Scientists looked at calculations of how dry the air could become throughout the 21st century – it seems that wildfires in California and Nevada are predicted to increase in ferocity
The wildfires that destroy livelihoods in Western America are a terrible, recurring natural disaster. At this point in November, the wildfires have cost the country 46 deaths and $2.7 billion. The season of wildfires is not over, with 1000 people in Nevada forced to evacuate on Tuesday due to a sudden fire that entered a residential neighbourhood. November is an increasingly dry month, an ominous and anxious one for those who live in the path of ‘megafires’ – which the U.S. Interagency Fire Center defines as a wildfire that burns more than 40,500 hectares (100,000 acres) of land.
Kristy Dahl, senior climate scientist at the Union of Concerned Scientists (UCS), wrote about the sinister normality of wildfires: “For my children, who have grown up in this state, it is normal to see ash raining down from metallic yellow skies in July. It is normal to have recess indoors because the air is unfit for little lungs.
“And while we seek out pristine forests for vacations, they see it as normal to drive through acres of blackened trees. Knowing that this is their normal, knowing that the future does not look much brighter gives me a sinking feeling in the pit of my stomach.”
‘Fires that can burn faster and hotter’
Lead author Dan McEvoy, PhD, Assistant Research Professor of Climatology at DRI, commented: “Higher evaporative demand during summer and autumn–peak fire season in the region – means faster drying of soil moisture and vegetation, and available fuels becoming more flammable, leading to fires that can burn faster and hotter.”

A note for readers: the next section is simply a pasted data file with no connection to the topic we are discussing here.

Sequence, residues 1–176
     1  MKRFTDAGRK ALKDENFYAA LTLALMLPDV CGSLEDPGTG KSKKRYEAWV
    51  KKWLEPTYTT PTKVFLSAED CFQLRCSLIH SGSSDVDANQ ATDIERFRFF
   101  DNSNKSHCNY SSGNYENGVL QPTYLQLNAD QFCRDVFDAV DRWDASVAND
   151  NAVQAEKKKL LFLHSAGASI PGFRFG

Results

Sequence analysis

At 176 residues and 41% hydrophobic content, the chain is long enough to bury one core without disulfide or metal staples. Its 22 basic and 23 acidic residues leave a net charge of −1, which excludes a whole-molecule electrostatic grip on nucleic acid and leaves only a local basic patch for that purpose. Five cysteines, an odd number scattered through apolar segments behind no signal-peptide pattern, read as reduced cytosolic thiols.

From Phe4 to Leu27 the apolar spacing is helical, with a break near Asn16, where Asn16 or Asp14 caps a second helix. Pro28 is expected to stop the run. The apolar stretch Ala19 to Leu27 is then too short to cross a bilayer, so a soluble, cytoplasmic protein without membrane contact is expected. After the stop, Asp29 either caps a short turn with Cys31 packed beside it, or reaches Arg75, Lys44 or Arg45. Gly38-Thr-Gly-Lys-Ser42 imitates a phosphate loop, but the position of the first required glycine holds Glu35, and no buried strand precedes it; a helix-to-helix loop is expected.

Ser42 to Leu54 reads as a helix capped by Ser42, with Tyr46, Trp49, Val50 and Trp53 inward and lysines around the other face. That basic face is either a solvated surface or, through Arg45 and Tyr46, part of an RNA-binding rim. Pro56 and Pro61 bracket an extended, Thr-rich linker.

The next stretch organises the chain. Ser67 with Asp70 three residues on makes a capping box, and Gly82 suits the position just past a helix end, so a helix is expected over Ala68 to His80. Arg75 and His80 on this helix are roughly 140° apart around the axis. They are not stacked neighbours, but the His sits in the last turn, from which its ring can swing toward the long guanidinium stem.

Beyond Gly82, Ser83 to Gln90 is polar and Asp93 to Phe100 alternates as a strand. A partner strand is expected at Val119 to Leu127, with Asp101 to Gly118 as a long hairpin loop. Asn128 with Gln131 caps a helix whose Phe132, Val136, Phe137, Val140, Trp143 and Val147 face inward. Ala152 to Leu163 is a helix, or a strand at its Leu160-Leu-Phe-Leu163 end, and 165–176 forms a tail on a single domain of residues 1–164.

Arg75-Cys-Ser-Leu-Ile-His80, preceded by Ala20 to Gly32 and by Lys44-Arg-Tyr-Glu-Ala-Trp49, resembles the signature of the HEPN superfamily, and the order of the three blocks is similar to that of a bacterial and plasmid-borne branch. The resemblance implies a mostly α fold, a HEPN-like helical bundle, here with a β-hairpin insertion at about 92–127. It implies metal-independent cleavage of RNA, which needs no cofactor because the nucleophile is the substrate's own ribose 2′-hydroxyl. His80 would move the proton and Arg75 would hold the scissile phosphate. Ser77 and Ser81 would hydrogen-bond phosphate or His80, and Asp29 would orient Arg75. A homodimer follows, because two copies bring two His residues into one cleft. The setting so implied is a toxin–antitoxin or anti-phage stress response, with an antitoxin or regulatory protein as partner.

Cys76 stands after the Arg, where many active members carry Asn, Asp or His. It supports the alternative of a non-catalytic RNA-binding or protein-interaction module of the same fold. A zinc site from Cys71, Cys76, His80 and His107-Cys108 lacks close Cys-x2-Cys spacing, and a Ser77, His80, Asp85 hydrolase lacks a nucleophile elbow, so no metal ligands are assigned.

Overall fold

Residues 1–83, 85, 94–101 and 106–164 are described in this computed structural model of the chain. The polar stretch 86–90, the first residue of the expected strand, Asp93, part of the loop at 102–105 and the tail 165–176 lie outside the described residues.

The Desert Research Institute (DRI) investigated the ongoing situation in California and Nevada, assessing how dry the air is via evaporate demand. They looked at how three-year droughts and extreme fire danger might be impacted by the dryness of the air, using information from the Evaporative Demand Drought Index (EDDI) and the Standardized Precipitation Evapotranspiration Index (SPEI).
According to them, extreme fire danger is going to increase four to ten times by the end of the 21st century. This will happen in the Summer and Autumn. They also say that multi-year droughts, which have hit California and Nevada from 2012-2016, will increase by three to 15 times.
Internally displaced climate refugees in America?
Study authors say that the cumulative effects of increases in evaporative demand will stress native ecosystems, increase fire danger, negatively impact agriculture where water demands cannot be met, and exacerbate impacts to society during periods of prolonged dryness.
The research team warn that the overall impact will hit ecosystems hard, damage agricultural outputs and deeply impact the fabric of society. Mass displacement within the US due to ‘megafires’ could be a possibility, created internal refugees from the increasingly dry climate of the West. The California-Nevada Applications Program (CNAP) are going to go deeper into this work to find out exactly how policy-makers and resource managers need to plan, in order to survive what is coming.
“Increased evaporative demand with warming enables fuels to be drier for longer periods,” added coauthor John Abatzoglou, PhD, Associate Professor with the University of California, Merced.
“This is a recipe for more active fire seasons.”
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